Things that you are entitled to......but don't know about

kfrweaving Member Posts: 45
edited 18. Aug 2019, 08:23 in Work and financial support
Had a visit from Social Services yesterday and i was shocked to find out about what i'm actually entitled to. For a start i didn't even know that i was entitled to a visit from the Social Services. The woman who came to visit said i wouldn't be entitled to help, free of charge, with hand/grab rails outside the door and also inside the house. She has arranged for help with the toilet. Also she is looking into getting some kind of care plan for me with care call. I don't have any family living nearby and my neighbours are mostly elderly or are away quite a lot. But she said that things can still be organised. I didn't know i was eligible for help from a food bank. Initially when she said that i felt embarrassed and ashamed as i felt that the food banks were for those who were in shelters, homeless or for people who were having to support families. But when she asked me how i was actually financing my food purchases i had to admit not very well. As i've had both benefits removed she said that i would qualify. I do feel humiliated, but i realise that as i have diabetes then the food issue could turn into something more serious. Also i thought i didn't qualify as i didn't live in my nearest town. With having two walking sticks and having to use a backpack there is only so much you can carry! Deliveries can apparently be arranged, so the Social Services are looking into getting help with that, even if it's just till the end of the month. Court is on Thursday, thankfully a really kind neighbour is taking me there and bringing me back home so i don't need to think about buses. Even if the Court says yes i won't get the ESA benefit immediately. Also if the Court says yes, i won't need to go to the foodbank when the benefit starts.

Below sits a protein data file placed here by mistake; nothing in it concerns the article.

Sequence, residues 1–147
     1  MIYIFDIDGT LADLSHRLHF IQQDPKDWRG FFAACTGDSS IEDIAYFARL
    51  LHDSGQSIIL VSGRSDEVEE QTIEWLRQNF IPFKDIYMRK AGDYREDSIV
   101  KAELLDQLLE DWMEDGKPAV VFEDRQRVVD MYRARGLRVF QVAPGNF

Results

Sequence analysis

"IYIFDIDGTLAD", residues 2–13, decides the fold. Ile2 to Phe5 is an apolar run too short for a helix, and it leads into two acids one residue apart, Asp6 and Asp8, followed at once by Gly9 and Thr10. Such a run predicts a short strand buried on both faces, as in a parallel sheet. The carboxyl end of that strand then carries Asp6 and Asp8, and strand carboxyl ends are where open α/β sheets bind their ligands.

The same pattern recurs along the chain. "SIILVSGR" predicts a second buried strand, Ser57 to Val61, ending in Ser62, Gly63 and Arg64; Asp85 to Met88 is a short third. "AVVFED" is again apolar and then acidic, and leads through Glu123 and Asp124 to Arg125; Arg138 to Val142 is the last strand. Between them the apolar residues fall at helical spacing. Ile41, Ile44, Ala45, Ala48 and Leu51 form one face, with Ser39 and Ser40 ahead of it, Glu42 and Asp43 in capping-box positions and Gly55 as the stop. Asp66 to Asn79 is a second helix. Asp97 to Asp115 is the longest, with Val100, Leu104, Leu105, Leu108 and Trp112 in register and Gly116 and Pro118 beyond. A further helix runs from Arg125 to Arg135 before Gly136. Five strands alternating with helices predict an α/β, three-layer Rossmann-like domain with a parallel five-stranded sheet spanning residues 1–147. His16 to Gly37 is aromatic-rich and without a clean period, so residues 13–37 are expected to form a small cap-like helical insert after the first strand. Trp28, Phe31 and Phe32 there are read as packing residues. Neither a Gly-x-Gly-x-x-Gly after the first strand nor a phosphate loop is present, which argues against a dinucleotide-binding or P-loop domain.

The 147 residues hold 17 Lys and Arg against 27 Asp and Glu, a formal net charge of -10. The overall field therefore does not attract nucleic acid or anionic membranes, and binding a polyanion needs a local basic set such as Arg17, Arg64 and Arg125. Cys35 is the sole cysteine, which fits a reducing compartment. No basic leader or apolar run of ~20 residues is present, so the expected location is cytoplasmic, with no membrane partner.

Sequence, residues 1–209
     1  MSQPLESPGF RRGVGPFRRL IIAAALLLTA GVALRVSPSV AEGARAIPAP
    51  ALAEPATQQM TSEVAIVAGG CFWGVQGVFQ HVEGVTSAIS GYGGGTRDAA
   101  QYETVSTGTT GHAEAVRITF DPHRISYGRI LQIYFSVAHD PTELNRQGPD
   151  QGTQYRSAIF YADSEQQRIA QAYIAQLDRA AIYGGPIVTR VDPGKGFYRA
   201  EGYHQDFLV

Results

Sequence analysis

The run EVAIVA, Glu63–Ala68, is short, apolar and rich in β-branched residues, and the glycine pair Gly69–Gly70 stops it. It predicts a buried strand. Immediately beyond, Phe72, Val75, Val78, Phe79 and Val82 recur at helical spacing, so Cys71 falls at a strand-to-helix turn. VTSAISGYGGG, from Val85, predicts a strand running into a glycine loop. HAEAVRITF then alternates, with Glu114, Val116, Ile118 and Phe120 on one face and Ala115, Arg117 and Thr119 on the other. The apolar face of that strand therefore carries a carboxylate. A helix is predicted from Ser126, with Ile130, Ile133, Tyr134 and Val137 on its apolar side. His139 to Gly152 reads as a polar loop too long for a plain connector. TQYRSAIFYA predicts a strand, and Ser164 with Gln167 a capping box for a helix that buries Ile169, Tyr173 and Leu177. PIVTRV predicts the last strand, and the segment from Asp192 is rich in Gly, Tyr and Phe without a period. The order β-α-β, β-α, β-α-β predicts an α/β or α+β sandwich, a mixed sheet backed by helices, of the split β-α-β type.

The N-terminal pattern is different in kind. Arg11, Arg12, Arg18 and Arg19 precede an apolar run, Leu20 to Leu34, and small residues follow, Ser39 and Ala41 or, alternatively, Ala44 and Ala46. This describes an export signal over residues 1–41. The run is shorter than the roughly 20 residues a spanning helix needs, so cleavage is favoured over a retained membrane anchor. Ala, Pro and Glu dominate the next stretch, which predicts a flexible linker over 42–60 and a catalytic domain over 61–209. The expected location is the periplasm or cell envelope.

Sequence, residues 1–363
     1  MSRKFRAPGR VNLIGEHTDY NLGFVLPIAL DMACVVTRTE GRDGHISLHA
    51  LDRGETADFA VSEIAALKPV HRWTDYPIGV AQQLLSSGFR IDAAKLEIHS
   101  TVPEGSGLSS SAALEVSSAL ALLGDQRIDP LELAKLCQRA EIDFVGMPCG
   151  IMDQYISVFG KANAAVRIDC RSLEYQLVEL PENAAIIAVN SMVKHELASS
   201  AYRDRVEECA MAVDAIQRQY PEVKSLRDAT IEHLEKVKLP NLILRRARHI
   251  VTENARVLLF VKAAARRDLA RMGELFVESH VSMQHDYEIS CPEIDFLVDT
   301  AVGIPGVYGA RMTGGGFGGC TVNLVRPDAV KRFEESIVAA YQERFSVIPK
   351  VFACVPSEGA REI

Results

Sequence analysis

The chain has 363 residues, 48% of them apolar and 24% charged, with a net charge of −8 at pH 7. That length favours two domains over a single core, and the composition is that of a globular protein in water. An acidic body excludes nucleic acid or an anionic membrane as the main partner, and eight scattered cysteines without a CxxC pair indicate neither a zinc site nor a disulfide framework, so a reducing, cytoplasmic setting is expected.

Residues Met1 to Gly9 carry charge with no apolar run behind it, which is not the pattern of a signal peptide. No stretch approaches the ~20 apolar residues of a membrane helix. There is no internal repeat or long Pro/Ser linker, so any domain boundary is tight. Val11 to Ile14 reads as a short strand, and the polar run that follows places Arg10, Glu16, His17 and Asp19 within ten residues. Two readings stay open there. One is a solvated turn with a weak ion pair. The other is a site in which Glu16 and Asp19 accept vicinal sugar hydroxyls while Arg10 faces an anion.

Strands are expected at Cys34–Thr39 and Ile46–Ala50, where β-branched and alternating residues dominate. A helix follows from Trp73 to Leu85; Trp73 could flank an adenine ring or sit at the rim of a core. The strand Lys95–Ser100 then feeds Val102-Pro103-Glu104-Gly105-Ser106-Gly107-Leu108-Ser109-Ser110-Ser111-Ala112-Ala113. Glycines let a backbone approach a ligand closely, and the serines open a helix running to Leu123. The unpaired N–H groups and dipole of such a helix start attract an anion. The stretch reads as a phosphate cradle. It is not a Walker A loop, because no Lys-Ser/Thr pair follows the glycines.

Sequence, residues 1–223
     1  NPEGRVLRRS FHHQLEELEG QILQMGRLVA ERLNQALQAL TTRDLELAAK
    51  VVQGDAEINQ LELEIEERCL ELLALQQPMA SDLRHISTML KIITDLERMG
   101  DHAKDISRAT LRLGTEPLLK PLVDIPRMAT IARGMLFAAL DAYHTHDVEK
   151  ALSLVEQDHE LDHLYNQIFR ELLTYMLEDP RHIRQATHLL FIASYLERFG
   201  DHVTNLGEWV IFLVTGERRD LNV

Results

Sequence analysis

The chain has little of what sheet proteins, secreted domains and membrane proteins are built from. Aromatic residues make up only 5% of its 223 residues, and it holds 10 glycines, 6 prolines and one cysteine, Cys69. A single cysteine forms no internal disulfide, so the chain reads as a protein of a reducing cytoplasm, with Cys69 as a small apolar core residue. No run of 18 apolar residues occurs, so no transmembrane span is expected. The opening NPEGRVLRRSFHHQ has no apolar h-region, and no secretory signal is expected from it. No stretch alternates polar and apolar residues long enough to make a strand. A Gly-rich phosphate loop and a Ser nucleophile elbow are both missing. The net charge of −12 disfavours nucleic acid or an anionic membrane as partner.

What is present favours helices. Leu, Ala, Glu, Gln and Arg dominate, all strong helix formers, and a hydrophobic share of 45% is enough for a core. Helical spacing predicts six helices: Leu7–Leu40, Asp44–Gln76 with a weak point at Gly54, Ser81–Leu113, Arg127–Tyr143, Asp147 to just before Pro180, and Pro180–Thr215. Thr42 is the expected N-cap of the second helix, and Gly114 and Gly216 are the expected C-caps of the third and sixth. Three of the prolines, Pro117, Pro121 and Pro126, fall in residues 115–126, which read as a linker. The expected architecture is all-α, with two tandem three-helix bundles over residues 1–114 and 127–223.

It felt good talking to someone who was reassuring about using a food bank. Cleaning the house has become an issue, so she is recommending names of companies that can do cleaning.
For me hoovering under beds, sofas, etc has become impossible.